European debt woes drive euro to 13-month low

European debt woes drive euro to 13-month low
# 05 May 2010 09:10 (UTC +04:00)
The dollar rose broadly as stocks and commodity prices tumbled, Associated Press reported.

The euro sank as low as $1.2994, its weakest point since April 2009. In late New York trading, the euro bought $1.3004, compared with $1.3212 late Monday. Last November, before markets realized the extent of Greece’s debt problems, the euro bought more than $1.51.

The euro has lost favor as European governments have scrambled to find a solution to prevent Greece from defaulting on its debts. An aid package of 110 billion euros, or $144 billion, is now in the works.

Germany, which will bear a lion’s share of the load, is expected approve the plan in its parliament by the end of the week. The 15 other euro countries and the International Monetary Fund scrambled to bail out Greece as borrowing costs soared for indebted European countries.

But investors remain worried about Europe’s ability to shoulder aid for other countries that may need help, such as Portugal. Borrowing costs for other indebted countries also remain high, said Brown Brothers Harriman currency analyst Win Thin.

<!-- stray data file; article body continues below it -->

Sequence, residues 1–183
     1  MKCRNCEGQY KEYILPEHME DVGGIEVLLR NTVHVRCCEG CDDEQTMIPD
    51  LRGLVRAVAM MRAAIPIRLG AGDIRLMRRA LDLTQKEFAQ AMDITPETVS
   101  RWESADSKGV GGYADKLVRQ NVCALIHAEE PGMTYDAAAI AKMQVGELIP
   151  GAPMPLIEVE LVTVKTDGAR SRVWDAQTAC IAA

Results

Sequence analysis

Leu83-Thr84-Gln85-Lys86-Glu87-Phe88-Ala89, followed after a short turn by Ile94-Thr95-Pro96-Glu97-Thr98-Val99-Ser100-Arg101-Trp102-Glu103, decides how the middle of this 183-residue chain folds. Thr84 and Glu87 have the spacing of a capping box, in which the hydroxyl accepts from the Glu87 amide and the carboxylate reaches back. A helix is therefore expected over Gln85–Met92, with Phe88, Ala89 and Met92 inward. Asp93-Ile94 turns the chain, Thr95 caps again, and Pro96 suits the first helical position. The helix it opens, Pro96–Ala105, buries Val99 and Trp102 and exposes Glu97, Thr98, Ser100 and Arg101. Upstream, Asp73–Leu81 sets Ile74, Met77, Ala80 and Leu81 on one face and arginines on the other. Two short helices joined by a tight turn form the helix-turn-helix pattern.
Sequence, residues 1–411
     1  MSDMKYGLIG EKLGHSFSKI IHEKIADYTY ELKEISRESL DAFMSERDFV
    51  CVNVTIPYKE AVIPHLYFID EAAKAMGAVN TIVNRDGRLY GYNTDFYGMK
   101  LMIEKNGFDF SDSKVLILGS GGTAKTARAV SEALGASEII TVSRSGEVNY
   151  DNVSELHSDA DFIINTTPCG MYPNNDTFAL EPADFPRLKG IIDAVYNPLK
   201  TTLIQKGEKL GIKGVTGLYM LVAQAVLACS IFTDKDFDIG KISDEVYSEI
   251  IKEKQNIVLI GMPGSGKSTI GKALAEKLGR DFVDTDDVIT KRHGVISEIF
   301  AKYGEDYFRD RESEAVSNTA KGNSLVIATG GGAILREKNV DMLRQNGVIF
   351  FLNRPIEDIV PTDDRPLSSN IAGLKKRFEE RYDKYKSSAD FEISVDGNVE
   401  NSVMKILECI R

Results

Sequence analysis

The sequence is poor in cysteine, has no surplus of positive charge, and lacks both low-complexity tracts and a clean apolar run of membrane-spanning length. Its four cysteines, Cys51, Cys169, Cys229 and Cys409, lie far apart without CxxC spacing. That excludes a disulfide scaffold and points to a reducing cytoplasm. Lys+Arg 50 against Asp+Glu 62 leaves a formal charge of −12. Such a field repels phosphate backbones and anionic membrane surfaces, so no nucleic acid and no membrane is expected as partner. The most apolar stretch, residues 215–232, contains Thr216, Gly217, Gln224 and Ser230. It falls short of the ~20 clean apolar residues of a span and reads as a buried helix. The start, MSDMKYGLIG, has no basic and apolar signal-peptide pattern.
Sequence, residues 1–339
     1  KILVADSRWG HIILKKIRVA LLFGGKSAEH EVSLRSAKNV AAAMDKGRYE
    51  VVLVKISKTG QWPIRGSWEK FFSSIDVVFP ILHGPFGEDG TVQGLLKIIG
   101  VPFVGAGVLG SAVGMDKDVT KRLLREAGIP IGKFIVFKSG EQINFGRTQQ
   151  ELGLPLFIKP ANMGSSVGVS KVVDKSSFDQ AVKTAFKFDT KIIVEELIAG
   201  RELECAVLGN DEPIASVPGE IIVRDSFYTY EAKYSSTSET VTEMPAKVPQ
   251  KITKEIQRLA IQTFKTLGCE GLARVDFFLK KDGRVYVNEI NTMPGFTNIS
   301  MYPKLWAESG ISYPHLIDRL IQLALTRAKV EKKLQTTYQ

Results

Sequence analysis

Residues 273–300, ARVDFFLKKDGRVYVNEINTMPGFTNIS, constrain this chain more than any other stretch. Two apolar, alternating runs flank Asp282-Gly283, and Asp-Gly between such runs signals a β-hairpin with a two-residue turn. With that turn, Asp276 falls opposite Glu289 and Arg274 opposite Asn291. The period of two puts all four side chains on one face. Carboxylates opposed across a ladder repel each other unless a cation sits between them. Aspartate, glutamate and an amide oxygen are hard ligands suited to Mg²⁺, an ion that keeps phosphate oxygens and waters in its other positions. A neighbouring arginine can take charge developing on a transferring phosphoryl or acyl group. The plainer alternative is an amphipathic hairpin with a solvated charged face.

Analysts don’t see an end to the euro’s fall. UBS AG, which had a three-month price target of $1.30, says its euro forecast is under review. Morgan Stanley, which has a euro forecast of $1.24 by the end of the year, is considering lowering its target.

"There’s no easy way to fix the debt problem in Europe," said Morgan Stanley currency strategist Ron Leven. "It’s very difficult to see how Greece can dig itself out of its debt problem." There may have to be a restructuring of Greece’s debt beyond the bailout, he said. European banks, which are big holders of Greek bonds, would take a big hit.
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